Integrated Pest Management (IPM)

Integrated Pest Management (IPM) is an umbrella term which applies to any problematic living organism affecting the crop. This means not just insect pests, but also crop diseases, weeds and vertebrate pests (birds, rodents) where these cause problems.

The aim is to manage insect and mite pests, diseases and weeds by integrating a range of IPM tools in order to prevent them from reaching levels which start to hurt the farmer economically. This does not mean eliminating every pest insect or unwanted weed plant or disease-causing organism!

Biological and Ecological Processes

Effective IPM farmers make the best use of biological and ecological processes and interactions in their fields, above and below ground, to grow a healthy crop and to minimise the factors which encourage pests, diseases and weeds. When additional control is needed, there is a wide range of methods which can be used, without resorting to spraying Highly Hazardous Pesticides. Many IPM farmer groups and projects also aim to reduce or phase out synthetic pesticide use completely, whilst maintaining yields and profitability.

The ecological principles behind IPM are equally relevant to organic and non-organic farming systems and to non-agricultural contexts, e.g. gardens, parks, public spaces:

  1. Use preventative methods to avoid or reduce pest, disease and weed problems from the start
  2. Make maximum use of naturally occurring pest control
  3. Regularly observe fields to assess pest presence and decide whether extra interventions may be needed IF pest, disease or weed numbers reach critical levels
  4. When direct control measures are needed, select those that will not disrupt beneficial organisms

Good Husbandry Practices

Preventative methods are good husbandry practices that ensure a healthy and resilient crop. Growing a healthy crop starts with: selecting a good field or site; choosing a suitable crop variety for the location; preparing a good seed bed for the crop, whether sown direct or in a nursery bed. Strong, healthy plants are then better able to withstand pest and disease attack, as well as adverse growing conditions. This means paying attention to aspects of soil health, water supply and the broader farm environment and choice and sequencing of crops.

Good field hygiene practices are essential to keep many pests and diseases in check. These start with using clean, healthy seed or planting material. Careful removal of crop remains after harvest prevents any pests or disease spores from surviving to infest the following crop.

Natural Biological Control

Farmers can take advantage of natural biological control by encouraging predatory and parasitic insects (known as natural enemies) which feed on pests. Planting suitable and varied vegetation habitat, including flowering plants and hedgerows, in and around fields provides feeding, shelter and nesting sites for many beneficial insects. Many of these are easily killed by pesticides so avoiding use of broad-spectrum products harmful to many types of insect is very important to conserve natural enemies.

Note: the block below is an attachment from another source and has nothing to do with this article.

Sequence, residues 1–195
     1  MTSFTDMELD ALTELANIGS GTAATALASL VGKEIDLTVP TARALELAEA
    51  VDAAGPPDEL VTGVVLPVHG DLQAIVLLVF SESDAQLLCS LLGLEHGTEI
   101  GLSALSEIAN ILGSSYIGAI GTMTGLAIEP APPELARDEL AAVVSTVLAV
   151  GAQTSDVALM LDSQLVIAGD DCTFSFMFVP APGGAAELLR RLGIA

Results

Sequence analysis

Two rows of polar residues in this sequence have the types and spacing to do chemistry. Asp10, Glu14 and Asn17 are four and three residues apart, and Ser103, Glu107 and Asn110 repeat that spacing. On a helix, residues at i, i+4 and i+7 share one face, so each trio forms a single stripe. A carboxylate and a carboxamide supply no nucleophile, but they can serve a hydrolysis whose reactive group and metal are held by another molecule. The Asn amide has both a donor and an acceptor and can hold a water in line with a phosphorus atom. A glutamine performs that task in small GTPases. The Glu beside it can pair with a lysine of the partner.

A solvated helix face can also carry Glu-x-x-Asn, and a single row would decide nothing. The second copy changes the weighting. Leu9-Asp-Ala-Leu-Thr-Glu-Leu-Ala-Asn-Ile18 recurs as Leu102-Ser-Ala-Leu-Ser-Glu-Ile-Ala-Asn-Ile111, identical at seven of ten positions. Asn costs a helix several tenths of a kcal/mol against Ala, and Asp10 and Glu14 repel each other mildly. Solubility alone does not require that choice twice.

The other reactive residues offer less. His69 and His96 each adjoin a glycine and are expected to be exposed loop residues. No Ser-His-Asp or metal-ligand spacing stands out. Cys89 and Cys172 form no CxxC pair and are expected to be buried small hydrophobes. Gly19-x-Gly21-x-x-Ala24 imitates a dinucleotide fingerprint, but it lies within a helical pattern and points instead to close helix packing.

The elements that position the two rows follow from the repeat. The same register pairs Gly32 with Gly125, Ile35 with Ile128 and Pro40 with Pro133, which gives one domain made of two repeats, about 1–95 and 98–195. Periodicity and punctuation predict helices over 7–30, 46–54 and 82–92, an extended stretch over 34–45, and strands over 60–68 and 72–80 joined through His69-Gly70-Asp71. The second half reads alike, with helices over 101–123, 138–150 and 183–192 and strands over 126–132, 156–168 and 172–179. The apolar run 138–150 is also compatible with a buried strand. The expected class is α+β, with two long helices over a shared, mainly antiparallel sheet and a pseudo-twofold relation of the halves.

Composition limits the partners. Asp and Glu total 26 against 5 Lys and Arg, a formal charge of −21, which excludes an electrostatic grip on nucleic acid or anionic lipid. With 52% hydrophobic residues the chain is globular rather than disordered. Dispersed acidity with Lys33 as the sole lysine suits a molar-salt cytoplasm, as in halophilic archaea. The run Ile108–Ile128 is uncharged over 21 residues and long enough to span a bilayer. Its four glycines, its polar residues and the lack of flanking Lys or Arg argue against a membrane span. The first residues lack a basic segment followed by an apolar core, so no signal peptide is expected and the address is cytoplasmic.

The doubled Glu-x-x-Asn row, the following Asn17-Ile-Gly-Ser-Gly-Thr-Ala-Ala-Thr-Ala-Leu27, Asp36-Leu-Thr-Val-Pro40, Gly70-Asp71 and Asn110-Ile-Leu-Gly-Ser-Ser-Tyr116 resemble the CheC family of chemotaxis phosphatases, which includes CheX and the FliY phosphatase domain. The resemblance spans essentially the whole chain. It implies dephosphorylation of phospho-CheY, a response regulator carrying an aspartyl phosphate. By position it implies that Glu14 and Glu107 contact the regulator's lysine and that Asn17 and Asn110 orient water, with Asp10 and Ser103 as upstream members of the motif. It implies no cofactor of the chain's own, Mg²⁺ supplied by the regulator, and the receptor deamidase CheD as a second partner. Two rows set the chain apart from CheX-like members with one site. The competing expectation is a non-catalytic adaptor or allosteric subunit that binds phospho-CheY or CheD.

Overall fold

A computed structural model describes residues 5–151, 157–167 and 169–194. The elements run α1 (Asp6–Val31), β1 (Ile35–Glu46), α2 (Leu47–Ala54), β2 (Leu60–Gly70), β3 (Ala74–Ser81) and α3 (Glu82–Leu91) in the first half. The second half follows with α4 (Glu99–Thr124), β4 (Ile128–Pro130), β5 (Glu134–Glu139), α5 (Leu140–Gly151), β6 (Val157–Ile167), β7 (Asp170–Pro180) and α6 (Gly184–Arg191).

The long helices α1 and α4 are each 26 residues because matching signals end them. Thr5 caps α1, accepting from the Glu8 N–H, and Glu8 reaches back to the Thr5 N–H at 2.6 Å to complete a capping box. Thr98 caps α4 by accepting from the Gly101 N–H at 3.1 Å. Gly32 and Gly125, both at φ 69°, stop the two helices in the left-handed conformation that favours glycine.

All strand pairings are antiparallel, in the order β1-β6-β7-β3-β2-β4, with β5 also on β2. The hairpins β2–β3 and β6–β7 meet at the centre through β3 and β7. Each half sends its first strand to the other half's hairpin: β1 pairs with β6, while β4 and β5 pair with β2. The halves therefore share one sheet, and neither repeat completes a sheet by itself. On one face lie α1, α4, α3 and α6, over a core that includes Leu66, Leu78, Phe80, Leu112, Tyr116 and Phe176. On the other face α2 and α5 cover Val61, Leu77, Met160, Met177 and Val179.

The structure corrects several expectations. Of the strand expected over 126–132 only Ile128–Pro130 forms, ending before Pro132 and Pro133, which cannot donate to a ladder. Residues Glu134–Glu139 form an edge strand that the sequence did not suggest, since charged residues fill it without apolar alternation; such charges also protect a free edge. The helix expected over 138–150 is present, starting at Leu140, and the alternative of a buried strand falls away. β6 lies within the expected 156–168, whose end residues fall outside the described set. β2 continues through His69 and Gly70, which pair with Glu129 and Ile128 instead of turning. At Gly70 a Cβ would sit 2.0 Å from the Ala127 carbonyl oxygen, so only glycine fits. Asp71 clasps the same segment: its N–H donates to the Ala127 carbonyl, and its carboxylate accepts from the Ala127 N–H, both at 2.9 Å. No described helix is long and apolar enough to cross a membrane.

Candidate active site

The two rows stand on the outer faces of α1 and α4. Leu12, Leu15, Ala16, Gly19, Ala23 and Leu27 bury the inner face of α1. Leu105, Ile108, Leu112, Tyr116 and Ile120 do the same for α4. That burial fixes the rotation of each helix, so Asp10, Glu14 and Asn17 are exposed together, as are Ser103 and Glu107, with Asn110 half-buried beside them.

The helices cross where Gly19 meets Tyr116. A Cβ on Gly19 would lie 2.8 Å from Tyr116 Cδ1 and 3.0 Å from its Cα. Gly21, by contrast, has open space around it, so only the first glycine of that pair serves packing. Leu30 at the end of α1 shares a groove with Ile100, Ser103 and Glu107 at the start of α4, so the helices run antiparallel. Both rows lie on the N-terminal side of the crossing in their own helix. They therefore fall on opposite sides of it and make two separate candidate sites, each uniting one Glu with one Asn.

If preventative methods and natural enemies alone are not sufficient to manage a particular problem, additional interventions can be made. These include:

  • biopesticides based on microbial agents which infect and kill specific insect pests
  • release of predator or parasitic natural enemies reared for this purpose
  • home-made or commercial botanical extracts or other natural substances to repel or kill pests
  • trapping methods or physical barriers to exclude pests
  • pheromone sex attractants to disrupt mating and pest reproduction

To make these IPM tactics work well, farmer training in ecological principles, IPM methods and regular field monitoring is essential for informed decision making. With its partners, PAN UK makes use of the Farmer Field School IPM training approach, based on practical, discovery-learning methods to build farmers’ skills and confidence and foster group actions.

IPM Resources

Growing Coffee Without Endosulfan

Growing Coffee Without Endosulfan

See our project pages on Growing Coffee Without Endosulfan for videos and farmer experiences in Latin America on using biological control, good cultural practices, field monitoring and trapping methods  instead of highly hazardous pesticides.

Food spray method in cotton farming

Cotton Food Spray Method

See our cotton pages on IPM training via Farmer Field Schools in Africa, as well as use of the food spray method to attract predatory insects into cotton field to feed on pests. These methods are helping smallholder farmers stop the use of HHP insecticides, including endosulfan.

Phasing out highly hazardous pesticides in Costa Rica

Phasing Out HHPs in Costa Rica

See our Costa Rican HHP project page for information on field trials of biological and botanical alternatives to HHP fungicides in coffee and to HHP nematicides and the HHP herbicide, paraquat, in pineapples.

Alternatives of carbosulfan in tomatoes and potatoes

Alternatives to Carbosulfan

Read our IPM factsheets on alternatives to carbosulfan for control of whitefly in tomato and for control of Colorado beetle in potato.

Share this content with others: